Strolling through Tucson

20 May

Tucson has mapped out a walking tour of the city which was reminiscent of following my beloved Boston’s painted sidewalk line, “The Freedom Trail”, but without as many interesting historical sites here.   But despite my walking tour snobbery, this was a nice way to catch a glimpse of the city (although I didn’t quite finish it… so perhaps I missed something absolutely amazing).

Sentinel Peak (a.k.a. “A” Mountain).  In 1915, University of Arizona fans celebrated a victory by white washing a huge “A” on the mountain.  The tradition remains with a permanent red, white, and blue “A”.

The Arizona Superior Court of Pima County campus is speckled with traditional Spanish architecture and Sonoran landscaping.

To date, my best local meal has been at El Charro Cafe.  Pairing mouth watering spinach/artichoke/mushroom enchiladas and a cerveza brewed locally by Barrio Brewing Company in a dining space peppered with cultural zest, makes El Charro heaven.  This warmly colored restaurant, established in 1922, proudly distinguises itself as “the Nation’s Oldest Mexican Restaurant in continuous operation by the same family”.

The historic Hotel Congress was built in 1919 and is where the infamous bank robber John Dillinger was captured.

St. Augustine’s Cathedral

A creative, vibrant arch covering an outdoor stage on the Cathedral’s grounds.

What is it about the great American tourist trap?

16 May

Plunked on the side of the interstate where the desert sand whips and tumbleweeds roll is Rooster Cogburn’s Ostrich Ranch.  Its sun-battered roadside signs spark interest, luring me toward the exit.  Surely a magnetic force field sucked me into its vacant dirt parking lot… what other logical explanation is there for a grown adult partaking in a random desert version of a petting zoo owned by the fictitious True Grit US Marshall?

I easily entertain the notion that one particular Miniature Sicilian donkey is most definitely smiling at me and has to be the Donkey from Shrek.  After all, why wouldn’t Rooster Cogburn himself have the REAL Donkey residing in his park?

Like an elementary school girl, I timidly extend my hand with a ration of pellets to the cluster of Fallow deer.  What was Bambi’s girlfriend’s name anyway?

I’m pretty sure it was the Ostrich Rancher extraordinaire (and most definitely not the infamous Rooster Cogburn) who taught me the secrets to duck and lorikeet feeding.   

And then there were the ostriches.  Despite the wondrous picture painted of these (really creepy when up close) creatures, I am here to refute that image.  Case in point: the sign that reads “Yes! Ostrich bite!”  Although they don’t actually have teeth, they have sharply snapping beaks.  And freakishly long necks with which they aggressively lunge forward to snatch pellets from your sensitive, much slower fingers.  No wonder there is a disclaimer freeing Mr. Rooster Cogburn and his associates from responsibility for any ostrich nips.  Good thing my fingers were a less easy target than those of the not-so-lucky kiddos nearby.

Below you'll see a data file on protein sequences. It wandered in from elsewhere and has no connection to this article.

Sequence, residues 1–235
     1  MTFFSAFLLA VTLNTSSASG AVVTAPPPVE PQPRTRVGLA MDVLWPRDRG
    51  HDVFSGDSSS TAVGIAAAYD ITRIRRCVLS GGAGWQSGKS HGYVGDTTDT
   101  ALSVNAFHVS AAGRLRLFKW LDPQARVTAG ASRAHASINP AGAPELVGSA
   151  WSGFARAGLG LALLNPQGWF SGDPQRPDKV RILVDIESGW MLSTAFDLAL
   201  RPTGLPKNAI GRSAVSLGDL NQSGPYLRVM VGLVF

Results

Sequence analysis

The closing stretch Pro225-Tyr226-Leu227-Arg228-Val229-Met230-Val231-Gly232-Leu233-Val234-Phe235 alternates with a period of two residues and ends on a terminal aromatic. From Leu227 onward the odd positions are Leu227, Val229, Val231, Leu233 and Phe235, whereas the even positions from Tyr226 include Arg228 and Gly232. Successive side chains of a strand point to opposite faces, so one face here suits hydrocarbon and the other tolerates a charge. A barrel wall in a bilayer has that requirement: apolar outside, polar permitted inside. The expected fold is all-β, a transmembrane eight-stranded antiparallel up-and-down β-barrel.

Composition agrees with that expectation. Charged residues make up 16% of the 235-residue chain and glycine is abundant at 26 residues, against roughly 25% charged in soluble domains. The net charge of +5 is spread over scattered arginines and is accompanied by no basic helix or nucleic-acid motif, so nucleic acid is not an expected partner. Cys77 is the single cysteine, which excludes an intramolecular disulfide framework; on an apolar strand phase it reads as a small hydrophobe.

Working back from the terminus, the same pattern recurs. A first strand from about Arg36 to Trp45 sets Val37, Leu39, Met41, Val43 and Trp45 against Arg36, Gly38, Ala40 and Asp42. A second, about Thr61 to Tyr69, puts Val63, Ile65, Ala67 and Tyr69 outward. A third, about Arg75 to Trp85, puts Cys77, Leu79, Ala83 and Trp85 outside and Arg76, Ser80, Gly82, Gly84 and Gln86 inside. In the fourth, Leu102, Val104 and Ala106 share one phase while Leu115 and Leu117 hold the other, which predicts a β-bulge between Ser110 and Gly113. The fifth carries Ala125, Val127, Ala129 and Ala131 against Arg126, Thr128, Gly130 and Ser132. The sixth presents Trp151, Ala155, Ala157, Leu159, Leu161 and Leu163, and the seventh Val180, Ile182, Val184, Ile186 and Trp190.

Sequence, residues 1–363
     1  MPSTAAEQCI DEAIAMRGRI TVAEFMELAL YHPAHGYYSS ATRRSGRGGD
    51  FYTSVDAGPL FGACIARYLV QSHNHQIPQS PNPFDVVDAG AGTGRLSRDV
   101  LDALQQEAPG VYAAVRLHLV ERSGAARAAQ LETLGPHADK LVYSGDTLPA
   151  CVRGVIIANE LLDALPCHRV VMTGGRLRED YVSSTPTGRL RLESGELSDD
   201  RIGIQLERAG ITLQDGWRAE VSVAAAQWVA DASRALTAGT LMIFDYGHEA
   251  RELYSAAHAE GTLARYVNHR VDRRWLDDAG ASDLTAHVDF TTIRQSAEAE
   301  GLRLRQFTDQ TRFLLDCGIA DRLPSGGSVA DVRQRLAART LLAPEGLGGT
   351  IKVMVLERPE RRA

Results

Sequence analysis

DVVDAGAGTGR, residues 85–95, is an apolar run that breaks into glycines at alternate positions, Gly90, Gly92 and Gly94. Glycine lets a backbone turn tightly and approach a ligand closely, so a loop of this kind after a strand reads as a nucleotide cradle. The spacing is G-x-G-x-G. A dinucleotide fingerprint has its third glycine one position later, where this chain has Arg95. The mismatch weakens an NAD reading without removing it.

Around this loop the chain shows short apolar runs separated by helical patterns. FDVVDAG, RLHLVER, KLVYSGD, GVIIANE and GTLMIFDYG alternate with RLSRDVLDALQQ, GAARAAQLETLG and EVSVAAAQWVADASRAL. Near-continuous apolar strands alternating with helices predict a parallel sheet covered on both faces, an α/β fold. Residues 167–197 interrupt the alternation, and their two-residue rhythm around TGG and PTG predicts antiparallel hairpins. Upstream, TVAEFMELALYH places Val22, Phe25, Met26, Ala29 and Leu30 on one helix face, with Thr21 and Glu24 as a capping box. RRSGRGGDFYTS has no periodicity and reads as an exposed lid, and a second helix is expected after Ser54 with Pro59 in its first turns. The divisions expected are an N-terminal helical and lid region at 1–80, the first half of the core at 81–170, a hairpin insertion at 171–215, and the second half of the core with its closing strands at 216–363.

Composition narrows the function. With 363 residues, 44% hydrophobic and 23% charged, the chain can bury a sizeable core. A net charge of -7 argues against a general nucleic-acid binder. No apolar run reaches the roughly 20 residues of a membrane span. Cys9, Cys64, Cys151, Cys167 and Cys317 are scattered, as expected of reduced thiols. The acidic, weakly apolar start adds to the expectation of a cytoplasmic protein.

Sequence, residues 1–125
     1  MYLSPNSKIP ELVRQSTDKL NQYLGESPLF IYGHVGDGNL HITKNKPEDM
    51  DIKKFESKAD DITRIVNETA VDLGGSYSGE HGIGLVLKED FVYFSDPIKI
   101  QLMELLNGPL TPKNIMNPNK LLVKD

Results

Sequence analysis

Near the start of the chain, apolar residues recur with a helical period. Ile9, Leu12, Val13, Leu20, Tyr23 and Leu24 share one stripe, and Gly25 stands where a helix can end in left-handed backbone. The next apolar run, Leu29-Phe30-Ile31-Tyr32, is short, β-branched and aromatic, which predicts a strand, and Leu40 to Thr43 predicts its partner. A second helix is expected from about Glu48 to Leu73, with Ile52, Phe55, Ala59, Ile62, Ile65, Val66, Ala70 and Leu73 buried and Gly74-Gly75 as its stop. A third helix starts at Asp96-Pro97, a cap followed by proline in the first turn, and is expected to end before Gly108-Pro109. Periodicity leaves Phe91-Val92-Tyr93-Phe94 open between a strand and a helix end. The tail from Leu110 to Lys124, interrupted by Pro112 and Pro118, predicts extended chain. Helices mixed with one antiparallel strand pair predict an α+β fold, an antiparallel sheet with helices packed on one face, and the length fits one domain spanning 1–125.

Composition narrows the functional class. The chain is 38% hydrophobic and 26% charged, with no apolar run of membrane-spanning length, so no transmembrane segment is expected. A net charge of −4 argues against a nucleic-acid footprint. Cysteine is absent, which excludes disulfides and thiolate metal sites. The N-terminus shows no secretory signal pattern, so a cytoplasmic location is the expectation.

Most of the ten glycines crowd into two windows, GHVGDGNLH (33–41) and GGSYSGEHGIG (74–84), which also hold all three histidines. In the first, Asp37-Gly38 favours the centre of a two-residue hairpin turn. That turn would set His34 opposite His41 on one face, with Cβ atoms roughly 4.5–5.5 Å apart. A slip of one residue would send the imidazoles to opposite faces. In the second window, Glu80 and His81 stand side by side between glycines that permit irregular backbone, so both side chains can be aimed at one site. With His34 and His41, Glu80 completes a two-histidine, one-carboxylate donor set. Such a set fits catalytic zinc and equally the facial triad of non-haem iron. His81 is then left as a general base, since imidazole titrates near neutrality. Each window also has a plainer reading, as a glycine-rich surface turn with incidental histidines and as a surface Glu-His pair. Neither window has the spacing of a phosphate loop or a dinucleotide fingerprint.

Have you secretly enjoyed a tourist trap as much as I enjoyed this one?

(The material of this post is simply my personal anecdote.  I think everyone should consider having their own unique experience at Rooster Cogburn’s Ostrich Ranch.  And don’t hate on ostriches.)

Back on the Blogging Radar

10 May

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I didn’t realize how long I had been off the blogging radar! When on an acute care PT schedule which is free flowing and often without a traditional “weekend” of two consecutive days off, time escapes you. With only one day off for every 5 worked for several weeks, not only have I lost time to play tourist, local explorer, outdoor adventurer, I have also lost my daily routine. Losing track of the mundane laundry, bills, errands, etc. to a whirlwind of workdays starts to affect the work-life balance.

And, thus, the blog has suffered. Rest assured, loyal readers, I have lots of fun experiences, photos galore, and perspectives on local healthcare up my sleeve! (And a schedule with three “real” weekends in a row coming up!)

Where the Sonoran Desert transforms into a Sci-Fi world

30 Apr

Within the expanses of the Desert Botanical Garden is a place where an alien world exists.  With creeping Argentine Giants and looming Saguaros, this is where nature meets science fiction.  The imagination can run wild when surrounded by such striking landscapes…